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Cannabinoids and the Brain$
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Linda A. Parker

Print publication date: 2017

Print ISBN-13: 9780262035798

Published to MIT Press Scholarship Online: September 2017

DOI: 10.7551/mitpress/9780262035798.001.0001

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PRINTED FROM MIT PRESS SCHOLARSHIP ONLINE (www.mitpress.universitypressscholarship.com). (c) Copyright The MIT Press, 2021. All Rights Reserved. An individual user may print out a PDF of a single chapter of a monograph in MITSO for personal use.date: 23 September 2021

The Endocannabinoid System

The Endocannabinoid System

Chapter:
(p.19) 2 The Endocannabinoid System
Source:
Cannabinoids and the Brain
Author(s):

Linda A. Parker

Publisher:
The MIT Press
DOI:10.7551/mitpress/9780262035798.003.0002

The endocannabinoid system was only discovered about 25 years ago, but it is now known to be a major modulator of synaptic activity throughout the brain. CB1 receptors are located on presynaptic terminals of neurons that release other neurotransmitters and the action of agonists of these receptors is to turn-off neurotransmitter release. These receptors are ubiquitously located, indeed they are the most widely distributed receptor system in the brain. Administration of THC by use of marijuana activates all CB1 receptors, producing global activation. On the other hand, endocannabinoids (anandamide and 2-AG) are produced where and when they are needed from depolarized post-synaptic neurons, serving as retrograde messengers to act on nearby presynaptic neurons. The fine-tuned regulation of synaptic activity is the primary function of this neuromodulatory system that plays a major role in protection of neurons. The duration of action of these “on demand” endocannabinoids is brief because they are hydrolysed enzymatically by Fatty Acid Amide Hydrolase (FAAH) and monoacylglycerol lipase (MAGL). Newly developed FAAH and MAGL inhibitors provide a therapeutic opportunity to boost the action of AEA and 2-AG respectively for up to 24 hr, where and when they are produced naturally. Preclinical evidence indicates that FAAH and MAGL inhibitors have therapeutic potential in relief of pain, anxiety, depression and nausea, in the absence of psychoactive side effects of global activation of CB1 receptors produced by marijuana.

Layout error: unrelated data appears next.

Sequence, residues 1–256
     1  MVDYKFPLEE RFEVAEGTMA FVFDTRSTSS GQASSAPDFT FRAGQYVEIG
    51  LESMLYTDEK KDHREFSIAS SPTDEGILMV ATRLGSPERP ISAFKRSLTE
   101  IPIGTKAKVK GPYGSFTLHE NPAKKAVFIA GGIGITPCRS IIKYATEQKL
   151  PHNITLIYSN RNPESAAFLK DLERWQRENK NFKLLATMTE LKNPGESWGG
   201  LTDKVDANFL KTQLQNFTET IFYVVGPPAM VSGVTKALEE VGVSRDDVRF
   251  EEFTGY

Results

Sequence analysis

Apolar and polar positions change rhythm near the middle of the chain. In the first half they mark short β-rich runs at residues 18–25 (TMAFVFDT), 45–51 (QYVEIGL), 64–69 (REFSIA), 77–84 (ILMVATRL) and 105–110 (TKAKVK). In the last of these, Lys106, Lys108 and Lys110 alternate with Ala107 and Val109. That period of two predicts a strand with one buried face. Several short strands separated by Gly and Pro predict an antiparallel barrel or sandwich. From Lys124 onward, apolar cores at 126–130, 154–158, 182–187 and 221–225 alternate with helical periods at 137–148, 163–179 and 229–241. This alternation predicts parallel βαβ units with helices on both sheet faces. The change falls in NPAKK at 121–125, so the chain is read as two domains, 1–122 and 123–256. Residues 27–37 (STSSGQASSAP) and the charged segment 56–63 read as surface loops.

Keywords:   Anandamide, 2-arachidonyl glycerol (2-AG), CB1 receptor, CB2 receptor, Monoacylglycerol lipase (MAGL), Fatty acid amide hydrolase (FAAH), Endocannabinoid, TRPV1, GPR55

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